‘I Think We Should Both Start Seeing Other Worlds’ by Neil Fraser Addison
-Reviewed by Claudia Haberberg-
I cannot help but feel that the title of Neil Fraser Addison’s I Think We Should Both Start Seeing Other Worlds is a little misleading. With a title like that, I would have expected…well…more worlds. Not necessarily literal other worlds or planets, but perhaps a few more diverse conceptual locations to explore. There is only one explicit other world, and the rest is frankly rather confusing.
The ‘other world’ we see is Ruby Island, the place where a nation of celebrities make absurd, desperate, and increasingly futile attempts to reclaim their former wealth. It is put to us in a series of vignettes, where a cast of characters largely unconnected by real world culture – P. Diddy, Dan Brown, Jamiroquai and ‘the lead singer of nickleback [sic]’ to name but a few – sell their possessions and mount improbable advertising campaigns to promote donation drives.
At their best, these vignettes are witty, incisive and surreal, with insightful and funny critiques of such cultural monoliths as reality TV and the music industry. I particularly enjoyed a glimpse into ‘the lead singer of nickleback[sic]’’s creative process: ‘He thinks he can employ all of his financial misery during the recording session by disguising it as a woman and pretending that this woman has recently broken his heart. Tania will be his codename for the fact that he is now cash-poor.’ (Some might argue that said lead singer presents rather an easy target, considering that it is as much a meme to poke fun at Nickelback now as it was to poke fun at Creed ten years ago, but that is another discussion for another time.)
Much of the time, however, this carefully constructed absurdity becomes a little baffling.
Whilst the amorphous collection of major and minor celebrities named in the stories is stylistically interesting up to a point, one wonders if they might not benefit from having a closer real world link. I am not entirely convinced that obscurity serves the surrealist aesthetic very well.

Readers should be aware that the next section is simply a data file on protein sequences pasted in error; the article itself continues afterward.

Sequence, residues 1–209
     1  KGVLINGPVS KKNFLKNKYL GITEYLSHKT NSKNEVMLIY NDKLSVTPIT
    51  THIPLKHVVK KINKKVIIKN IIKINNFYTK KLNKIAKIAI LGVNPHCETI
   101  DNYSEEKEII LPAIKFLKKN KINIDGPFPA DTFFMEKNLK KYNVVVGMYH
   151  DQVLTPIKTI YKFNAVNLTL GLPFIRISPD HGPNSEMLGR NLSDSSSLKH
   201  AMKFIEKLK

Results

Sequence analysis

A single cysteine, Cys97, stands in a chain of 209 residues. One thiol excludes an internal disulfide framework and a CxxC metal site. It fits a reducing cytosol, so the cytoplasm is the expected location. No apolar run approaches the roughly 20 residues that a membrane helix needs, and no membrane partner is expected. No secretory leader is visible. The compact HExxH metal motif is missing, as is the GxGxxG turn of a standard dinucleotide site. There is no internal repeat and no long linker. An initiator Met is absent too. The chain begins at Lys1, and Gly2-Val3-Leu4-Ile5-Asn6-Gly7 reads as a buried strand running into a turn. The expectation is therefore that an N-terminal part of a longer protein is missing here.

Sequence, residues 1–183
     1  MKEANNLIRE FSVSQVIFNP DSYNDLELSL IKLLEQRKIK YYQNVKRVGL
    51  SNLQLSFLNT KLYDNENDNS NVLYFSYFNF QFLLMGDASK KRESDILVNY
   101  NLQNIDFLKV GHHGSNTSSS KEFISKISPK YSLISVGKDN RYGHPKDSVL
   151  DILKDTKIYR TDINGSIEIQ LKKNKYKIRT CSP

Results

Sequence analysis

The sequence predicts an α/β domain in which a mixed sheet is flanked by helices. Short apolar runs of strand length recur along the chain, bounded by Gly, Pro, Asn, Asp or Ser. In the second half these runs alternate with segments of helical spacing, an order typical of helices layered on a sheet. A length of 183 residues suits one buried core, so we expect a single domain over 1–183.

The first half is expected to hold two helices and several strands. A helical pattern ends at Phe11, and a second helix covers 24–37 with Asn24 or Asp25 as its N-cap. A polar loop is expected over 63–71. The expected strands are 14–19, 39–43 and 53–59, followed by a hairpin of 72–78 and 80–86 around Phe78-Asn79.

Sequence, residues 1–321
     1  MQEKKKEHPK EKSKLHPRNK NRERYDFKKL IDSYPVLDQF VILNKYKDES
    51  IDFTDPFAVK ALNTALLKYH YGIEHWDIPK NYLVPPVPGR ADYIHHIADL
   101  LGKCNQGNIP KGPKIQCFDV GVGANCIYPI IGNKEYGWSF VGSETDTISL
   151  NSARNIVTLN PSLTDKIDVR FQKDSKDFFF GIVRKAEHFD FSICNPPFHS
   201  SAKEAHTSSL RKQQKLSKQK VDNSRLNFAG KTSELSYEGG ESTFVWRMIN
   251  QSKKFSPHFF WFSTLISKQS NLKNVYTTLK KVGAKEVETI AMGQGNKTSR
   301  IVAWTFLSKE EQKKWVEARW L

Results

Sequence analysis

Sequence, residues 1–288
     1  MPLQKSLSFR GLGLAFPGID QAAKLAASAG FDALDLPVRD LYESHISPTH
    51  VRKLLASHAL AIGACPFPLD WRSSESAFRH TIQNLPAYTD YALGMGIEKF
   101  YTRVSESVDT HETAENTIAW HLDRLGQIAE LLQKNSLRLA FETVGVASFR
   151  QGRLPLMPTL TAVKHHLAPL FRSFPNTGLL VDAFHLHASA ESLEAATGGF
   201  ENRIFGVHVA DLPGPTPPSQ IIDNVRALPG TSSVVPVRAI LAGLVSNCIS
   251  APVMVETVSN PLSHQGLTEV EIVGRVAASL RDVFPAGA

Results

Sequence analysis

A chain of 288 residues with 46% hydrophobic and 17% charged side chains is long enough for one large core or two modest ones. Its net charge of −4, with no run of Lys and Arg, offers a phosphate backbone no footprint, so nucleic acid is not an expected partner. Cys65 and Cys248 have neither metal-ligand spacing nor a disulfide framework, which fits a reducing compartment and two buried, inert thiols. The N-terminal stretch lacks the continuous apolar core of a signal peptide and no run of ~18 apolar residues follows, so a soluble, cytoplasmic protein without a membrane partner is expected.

Another connecting character – distinct but tied to Ruby Island – is Frank Ahoy, a writer whose desperate attempts to garner attention from publishing houses, film studios and various famous individuals seem to attract critical acclaim and government hostility in their own right. Some of Ahoy’s letters have something of the faintly poetic about them, such as pushing writers off semi-metaphorical cliffs in order to establish one’s own writerly supremacy. Many are reminiscent of those occasional, slightly off-the-wall complaint letters to banks or customer service that sometimes find their way onto the Internet, or some of the more bizarre covering letters of the past few years.
I link the Ruby Island stories and Frank Ahoy’s letters together not only because they reference each other in the text itself, but because these seem to hold the largest mirror up to a world in the grip of both an economic and an identity crisis. The parallels are evident, particularly in the incomprehensible attempts of the super-rich to boost recovery, but I’m not completely sure of how successful they are. I feel that I raised my eyebrow more often than I nodded along.
There are various other short stories scattered across this narrative landscape, many of which deal with human relationships and celebrity (again), but they are not particularly memorable. Another recurrent character, Giddi Stavanger – who reads like a melange of Bjork and Tracey Emin – creates stolen, overblown art and is simultaneously aware and unaware of how ultimately pseudo-intellectual and artificial it all is. I cannot help but wonder whether the author recognises himself in this character at all. This collection has moments of charm, humour and insight. However, as a whole, it left me confused and more than a little irritated.